New US Department of Justice Policy demonstrates commitment to pursuing individual wrongdoing. Anoushka Warlow and Suzanne Gallagher consider the new policy, and whether the UK’s Serious Fraud Office will follow suit.
BCL partners, Michael Drury, Richard Reichman, and Tom McNeill examine some of the issues in corporate investigations laws and regulations – including internal investigation, self-disclosure to enforcement authorities, investigation process, confidentiality and attorney-client privileges – in England and Wales for International Comparative Legal Guide to Corporate Investigations2023.
BCL’s Richard Sallybanks, Anoushka Warlow and Greta Barkle have co-authored the chapter ‘Individuals in Cross-Border Investigations or Proceedings’ in the seventh edition of Global Investigations Review: Practitioner’s Guide to Global Investigations.
There has been a flurry of activity in recent months from the Financial Conduct Authority (FCA), with new duties and obligations on regulated firms and individuals on the horizon. In this article, BCL associate Matt Davies explores areas where the FCA is focusing its attention and provides insight and tips for firms wishing to stay in the regulator’s good books.
Anne Sacoolas, a US citizen, has pleaded guilty to causing death by careless driving via video link at a plea and case management hearing at the Old Bailey on 20 October 2022. The preliminary hearing took place at Westminster Magistrates Court on 28 September 2022, also remotely, where she was granted unconditional bail. The CPS has accepted her plea despite having initially charged her with causing death by dangerous driving in December 2019. Sentencing has been adjourned to the end of November 2022, raising questions regarding the length and nature of the sentence and whether she will serve any custodial sentence in the UK, US or at all.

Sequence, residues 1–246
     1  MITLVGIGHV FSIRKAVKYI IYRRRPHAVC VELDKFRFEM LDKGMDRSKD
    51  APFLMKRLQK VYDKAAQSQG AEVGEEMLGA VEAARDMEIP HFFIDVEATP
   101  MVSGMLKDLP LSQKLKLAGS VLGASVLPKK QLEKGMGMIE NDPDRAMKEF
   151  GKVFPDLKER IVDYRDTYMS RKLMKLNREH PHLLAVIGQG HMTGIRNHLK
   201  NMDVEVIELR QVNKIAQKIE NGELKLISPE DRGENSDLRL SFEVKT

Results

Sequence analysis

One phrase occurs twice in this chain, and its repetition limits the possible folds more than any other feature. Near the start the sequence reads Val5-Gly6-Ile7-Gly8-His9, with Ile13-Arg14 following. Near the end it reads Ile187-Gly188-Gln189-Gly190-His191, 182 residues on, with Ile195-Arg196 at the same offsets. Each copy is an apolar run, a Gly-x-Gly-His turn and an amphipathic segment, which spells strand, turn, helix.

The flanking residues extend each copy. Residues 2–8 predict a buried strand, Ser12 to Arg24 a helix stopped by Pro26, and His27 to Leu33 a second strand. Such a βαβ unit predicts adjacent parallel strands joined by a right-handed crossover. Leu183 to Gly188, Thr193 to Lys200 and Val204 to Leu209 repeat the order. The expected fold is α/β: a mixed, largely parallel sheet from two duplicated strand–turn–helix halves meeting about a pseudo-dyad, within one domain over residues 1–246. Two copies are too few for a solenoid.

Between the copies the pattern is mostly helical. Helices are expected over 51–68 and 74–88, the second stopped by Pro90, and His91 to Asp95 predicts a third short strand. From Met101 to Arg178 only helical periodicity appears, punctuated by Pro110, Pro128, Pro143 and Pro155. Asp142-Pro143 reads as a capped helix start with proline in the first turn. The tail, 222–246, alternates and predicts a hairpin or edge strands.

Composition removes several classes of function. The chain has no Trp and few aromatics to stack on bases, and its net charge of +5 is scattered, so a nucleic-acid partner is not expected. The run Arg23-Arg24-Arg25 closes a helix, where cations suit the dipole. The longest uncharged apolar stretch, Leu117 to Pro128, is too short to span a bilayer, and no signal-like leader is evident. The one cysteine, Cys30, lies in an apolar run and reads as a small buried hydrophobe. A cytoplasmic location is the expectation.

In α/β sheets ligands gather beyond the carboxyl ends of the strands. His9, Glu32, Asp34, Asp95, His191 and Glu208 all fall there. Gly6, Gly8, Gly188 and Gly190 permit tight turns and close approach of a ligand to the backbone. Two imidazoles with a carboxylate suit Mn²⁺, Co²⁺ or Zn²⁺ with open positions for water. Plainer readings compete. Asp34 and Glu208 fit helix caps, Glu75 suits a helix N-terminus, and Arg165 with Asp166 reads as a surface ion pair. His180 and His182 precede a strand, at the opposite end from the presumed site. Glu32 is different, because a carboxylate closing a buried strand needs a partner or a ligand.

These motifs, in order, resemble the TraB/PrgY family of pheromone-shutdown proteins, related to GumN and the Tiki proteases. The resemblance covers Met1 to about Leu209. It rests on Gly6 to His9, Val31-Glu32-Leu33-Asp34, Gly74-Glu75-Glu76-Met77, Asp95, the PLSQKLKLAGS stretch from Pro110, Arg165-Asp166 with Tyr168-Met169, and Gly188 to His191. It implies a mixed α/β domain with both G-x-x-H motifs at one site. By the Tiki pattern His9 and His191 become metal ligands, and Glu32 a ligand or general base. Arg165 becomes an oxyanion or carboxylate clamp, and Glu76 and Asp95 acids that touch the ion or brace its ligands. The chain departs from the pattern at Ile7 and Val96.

In this article Shula de Jersey and Matt Davies provide a brief mid-year update looking at what the Serious Fraud Office (“SFO”) has achieved so far this year and what is on its plate for the rest of the year.
From e-commerce and video-conferencing to messaging friends and colleagues, we take the encryption, and thus the security, of our digital communications for granted. However, while it ensures our privacy, it is also exploited by criminals to evade detection, for example those plotting terrorist atrocities or exchanging child sexual exploitation and abuse material (CSEA). The dilemma – whether to maintain privacy or tackle crime facilitated online – underlies the opposing and often stridently expressed views about encryption. As messaging platforms roll-out end-to-end encryption (E2EE), where not even service providers can decipher messages sent over their systems, law enforcement agencies have sought to preserve their covert ability to observe our communications. The UK’s latest proposals, in amendments to the government’s flagship Online Safety Bill, have aroused fierce industry and privacy group opposition. The ongoing difficulty in resolving the privacy versus safety conundrum in part arises from a failure to level with the public about the trade-offs involved.
BCL’s Michael Drury and Tom McNeill provide a comprehensive guide to the agencies responsible for civil and criminal law enforcement exploring the techniques and the requirements that must be met before a government can commence an investigation, in the England & Wales chapter of Lexology Getting The Deal Through – Government Investigations.
BCL partner Michael Drury and senior associate Tom McNeill author the England & Wales chapter of Lexology’s Getting The Deal Through – Government Investigations: Global Overview exploring the mechanisms that are available to resolve a government investigation.